Type of Publication: Journal article published
    PubMed ID: 24935666
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  • 3
    Keywords: CANCER ; EPIDEMIOLOGY ; CARCINOGENS ; CENTRAL-NERVOUS-SYSTEM ; GLIOMAS ; MATRIX ; CHILDHOOD ; FARMERS ; CHEMICALS ; ADULT BRAIN-TUMORS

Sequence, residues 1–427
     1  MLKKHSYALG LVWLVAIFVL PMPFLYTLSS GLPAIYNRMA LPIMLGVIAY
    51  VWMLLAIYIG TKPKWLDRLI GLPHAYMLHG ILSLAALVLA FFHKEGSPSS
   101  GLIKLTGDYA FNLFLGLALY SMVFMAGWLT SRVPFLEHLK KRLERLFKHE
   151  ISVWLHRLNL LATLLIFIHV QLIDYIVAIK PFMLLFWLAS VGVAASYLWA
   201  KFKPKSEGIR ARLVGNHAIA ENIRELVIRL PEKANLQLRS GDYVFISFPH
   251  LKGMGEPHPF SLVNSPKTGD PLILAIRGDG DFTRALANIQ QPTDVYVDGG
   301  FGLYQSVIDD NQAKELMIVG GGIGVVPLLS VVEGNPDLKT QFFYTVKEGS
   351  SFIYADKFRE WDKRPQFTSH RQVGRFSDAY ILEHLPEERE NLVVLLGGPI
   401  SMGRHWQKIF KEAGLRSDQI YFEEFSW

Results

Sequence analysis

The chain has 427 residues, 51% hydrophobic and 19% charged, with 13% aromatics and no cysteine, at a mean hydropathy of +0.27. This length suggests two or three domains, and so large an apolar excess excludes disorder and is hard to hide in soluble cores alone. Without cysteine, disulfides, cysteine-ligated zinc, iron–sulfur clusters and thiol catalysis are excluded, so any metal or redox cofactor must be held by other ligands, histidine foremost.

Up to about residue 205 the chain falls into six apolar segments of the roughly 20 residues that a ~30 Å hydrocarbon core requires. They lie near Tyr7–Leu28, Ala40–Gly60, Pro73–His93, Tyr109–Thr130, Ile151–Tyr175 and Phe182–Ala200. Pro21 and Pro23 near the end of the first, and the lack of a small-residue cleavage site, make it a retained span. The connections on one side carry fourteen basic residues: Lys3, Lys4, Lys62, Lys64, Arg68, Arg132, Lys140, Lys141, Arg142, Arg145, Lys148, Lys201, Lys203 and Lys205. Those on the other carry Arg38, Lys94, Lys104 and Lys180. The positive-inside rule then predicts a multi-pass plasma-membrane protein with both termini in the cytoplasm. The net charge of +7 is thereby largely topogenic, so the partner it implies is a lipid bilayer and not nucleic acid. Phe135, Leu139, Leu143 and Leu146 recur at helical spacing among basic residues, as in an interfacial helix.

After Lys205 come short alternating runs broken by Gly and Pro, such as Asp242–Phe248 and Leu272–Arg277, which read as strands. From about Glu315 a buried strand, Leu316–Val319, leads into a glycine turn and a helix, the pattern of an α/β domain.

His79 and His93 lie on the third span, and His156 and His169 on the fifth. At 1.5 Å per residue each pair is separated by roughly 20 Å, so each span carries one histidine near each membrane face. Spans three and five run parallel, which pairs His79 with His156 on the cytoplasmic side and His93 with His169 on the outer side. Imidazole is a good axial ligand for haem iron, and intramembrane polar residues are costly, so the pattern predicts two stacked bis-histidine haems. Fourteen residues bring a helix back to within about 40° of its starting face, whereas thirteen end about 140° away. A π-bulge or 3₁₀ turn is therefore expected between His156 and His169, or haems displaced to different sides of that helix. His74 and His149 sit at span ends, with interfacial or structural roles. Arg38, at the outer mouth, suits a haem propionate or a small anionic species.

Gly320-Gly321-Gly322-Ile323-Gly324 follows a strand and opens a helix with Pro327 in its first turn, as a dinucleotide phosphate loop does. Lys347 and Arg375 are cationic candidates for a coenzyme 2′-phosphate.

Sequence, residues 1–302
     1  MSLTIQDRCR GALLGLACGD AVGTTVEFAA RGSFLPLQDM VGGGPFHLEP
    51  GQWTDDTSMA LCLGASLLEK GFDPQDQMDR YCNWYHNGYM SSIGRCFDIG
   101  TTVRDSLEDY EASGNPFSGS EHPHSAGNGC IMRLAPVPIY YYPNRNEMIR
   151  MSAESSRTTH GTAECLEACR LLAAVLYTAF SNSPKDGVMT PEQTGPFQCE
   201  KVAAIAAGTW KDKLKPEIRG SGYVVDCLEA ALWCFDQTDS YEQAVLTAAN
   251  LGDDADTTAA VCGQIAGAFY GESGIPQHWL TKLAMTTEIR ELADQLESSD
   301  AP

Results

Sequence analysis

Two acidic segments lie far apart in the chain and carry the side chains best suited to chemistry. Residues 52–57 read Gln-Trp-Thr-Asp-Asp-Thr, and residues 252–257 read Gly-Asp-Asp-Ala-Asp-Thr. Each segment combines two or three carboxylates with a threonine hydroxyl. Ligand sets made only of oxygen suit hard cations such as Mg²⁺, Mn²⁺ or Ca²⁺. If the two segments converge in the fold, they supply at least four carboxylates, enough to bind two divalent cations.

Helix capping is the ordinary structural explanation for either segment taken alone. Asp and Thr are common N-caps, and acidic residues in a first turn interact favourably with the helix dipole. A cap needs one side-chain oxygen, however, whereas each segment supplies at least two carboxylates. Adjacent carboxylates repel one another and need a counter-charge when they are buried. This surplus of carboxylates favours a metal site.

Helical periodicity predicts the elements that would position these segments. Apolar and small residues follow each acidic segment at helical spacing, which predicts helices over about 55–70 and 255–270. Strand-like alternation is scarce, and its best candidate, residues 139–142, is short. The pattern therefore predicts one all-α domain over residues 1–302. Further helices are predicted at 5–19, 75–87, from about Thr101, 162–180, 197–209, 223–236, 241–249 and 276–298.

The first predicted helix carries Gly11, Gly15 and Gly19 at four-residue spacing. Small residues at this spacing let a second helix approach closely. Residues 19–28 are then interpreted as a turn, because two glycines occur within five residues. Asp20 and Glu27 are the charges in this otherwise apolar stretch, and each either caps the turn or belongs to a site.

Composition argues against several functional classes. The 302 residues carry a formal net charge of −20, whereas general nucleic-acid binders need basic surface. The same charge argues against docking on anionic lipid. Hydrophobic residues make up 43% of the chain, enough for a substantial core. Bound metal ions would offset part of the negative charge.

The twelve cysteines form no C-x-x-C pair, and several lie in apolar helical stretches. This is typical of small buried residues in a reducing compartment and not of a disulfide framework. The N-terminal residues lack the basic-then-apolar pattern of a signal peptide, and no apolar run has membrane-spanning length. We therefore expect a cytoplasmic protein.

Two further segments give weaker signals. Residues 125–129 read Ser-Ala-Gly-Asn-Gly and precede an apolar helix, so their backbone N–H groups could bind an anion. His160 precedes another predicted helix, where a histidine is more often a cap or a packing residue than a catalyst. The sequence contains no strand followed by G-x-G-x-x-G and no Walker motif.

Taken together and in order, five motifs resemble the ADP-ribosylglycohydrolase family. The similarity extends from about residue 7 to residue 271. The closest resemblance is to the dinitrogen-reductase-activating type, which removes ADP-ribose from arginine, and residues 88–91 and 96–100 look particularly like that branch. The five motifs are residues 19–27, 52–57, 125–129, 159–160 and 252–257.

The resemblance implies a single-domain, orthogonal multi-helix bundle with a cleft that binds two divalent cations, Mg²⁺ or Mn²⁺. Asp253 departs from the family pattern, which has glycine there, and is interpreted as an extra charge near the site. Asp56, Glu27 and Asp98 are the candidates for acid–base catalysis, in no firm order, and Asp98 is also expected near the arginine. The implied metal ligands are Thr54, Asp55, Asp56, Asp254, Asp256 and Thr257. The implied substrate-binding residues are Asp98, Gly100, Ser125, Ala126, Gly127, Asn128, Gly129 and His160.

Abstract: OBJECTIVE: To examine associations between occupational exposure to selected organic solvents and meningioma. METHODOLOGY: A multicentre case-control study conducted in seven countries, including 1906 cases and 5565 controls. Occupational exposure to selected classes of organic solvents (aliphatic and alicyclic hydrocarbons, aromatic hydrocarbons, chlorinated hydrocarbons and 'other' organic solvents) or seven specific solvents (benzene, toluene, trichloroethylene, perchloroethylene, 1,1,1-trichloroethylene, methylene chloride and gasoline) was assessed using lifetime occupational histories and a modified version of the FINJEM job-exposure matrix (INTEROCC-JEM). Study participants were classified as 'exposed' when they had worked in an occupation for at least 1 year, with a 5-year lag, in which the estimated prevalence of exposure was 25% or greater in the INTEROCC-JEM. Associations between meningioma and each of the solvent exposures were estimated using conditional logistic regression, adjusting for potential confounders. RESULTS: A total of 6.5% of study participants were ever exposed to 'any' solvent, with a somewhat greater proportion of controls (7%) ever exposed compared with cases (5%), but only one case was ever exposed to any chlorinated hydrocarbon (1,1,1-trichloroethane). No association was observed between any of the organic solvents and meningioma, in either men or women, and no dose-response relationships were observed in internal analyses using either exposure duration or cumulative exposure. DISCUSSION: We found no evidence that occupational exposure to these organic solvents is associated with meningioma.